Officials in Athens say Greece will follow the Irish lead in guaranteeing all bank deposits.

Governments across Eastern Europe were forced to issue statements yesterday assuring depositors that their banks were safe. Traders said Ukraine was on the brink of a currency crisis.

The Greek move puts fresh pressure on Germany to back the mounting calls for an EU lifeboat fund to shore up Europe's struggling banks.

But Chancellor Angela Merkel warned that there would be no blank cheques for those who get into trouble.

Berlin fears that any such fund is a Trojan horse that could ultimately leave German taxpayers footing the bill for a massive bail-out of southern Europe as the region's booms turn to bust. Key ministers are now frantically trying to stop the idea gaining a serious head of steam.

Pressure has come on other EU member states following the Irish decision to guarantee the deposits and debts of its biggest lenders.

'The whole of Europe will have to do same thing, otherwise Europe will have a split banking system,' said Hans Redeker, currency chief at BNP Paribas. British banks are already facing a haemorrhage of deposits to Irish banks that now enjoy the AAA sovereign rating of the Irish State.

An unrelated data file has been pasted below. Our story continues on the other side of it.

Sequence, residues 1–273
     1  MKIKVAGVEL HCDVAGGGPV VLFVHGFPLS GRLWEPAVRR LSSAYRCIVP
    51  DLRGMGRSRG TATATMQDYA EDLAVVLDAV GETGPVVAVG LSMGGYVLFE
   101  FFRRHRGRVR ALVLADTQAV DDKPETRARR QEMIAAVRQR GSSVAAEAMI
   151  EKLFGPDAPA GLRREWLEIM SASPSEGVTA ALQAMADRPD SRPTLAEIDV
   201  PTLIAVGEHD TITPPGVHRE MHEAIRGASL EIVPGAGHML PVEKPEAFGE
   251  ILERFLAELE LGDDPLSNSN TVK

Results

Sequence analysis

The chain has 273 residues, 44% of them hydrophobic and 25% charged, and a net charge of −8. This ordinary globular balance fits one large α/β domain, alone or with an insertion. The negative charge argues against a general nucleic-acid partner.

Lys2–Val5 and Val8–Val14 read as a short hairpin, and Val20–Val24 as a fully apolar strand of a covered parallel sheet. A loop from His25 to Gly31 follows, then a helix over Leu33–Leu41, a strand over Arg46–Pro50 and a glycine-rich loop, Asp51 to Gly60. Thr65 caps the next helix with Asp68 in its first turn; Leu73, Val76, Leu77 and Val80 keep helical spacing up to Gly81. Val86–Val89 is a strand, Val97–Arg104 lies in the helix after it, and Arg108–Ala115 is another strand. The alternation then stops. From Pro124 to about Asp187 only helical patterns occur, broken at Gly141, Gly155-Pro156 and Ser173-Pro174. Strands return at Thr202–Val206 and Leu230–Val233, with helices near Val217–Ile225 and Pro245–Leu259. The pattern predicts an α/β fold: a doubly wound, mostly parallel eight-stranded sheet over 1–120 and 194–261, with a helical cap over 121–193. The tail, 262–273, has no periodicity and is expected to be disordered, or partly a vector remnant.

Greece has so far escaped attention as the financial storm breaks over Europe, but the economy is deeply unbalanced. A torrid credit boom has been allowed to run unchecked, leading to a current account deficit of 15% of GDP - the highest in the eurozone.

While property losses are modest so far, Greek banks have run into trouble rolling over short-term debts after the near total closure of Europe's capital markets. The liabilities of the Greek banks are roughly €320bn.

Neelie Kroes, the EU competition commissioner, has said that Ireland's decision to act unilaterally risked a descent into the beggar-thy-neighbour mayhem of the Great Depression.

But David Owen, Europe economist at Dresdner Kleinwort, said Ireland had no choice, given the lightning pace of events on Monday. 'Their banks were going down. No government can let that happen. They did exactly the right thing to ring fence this.'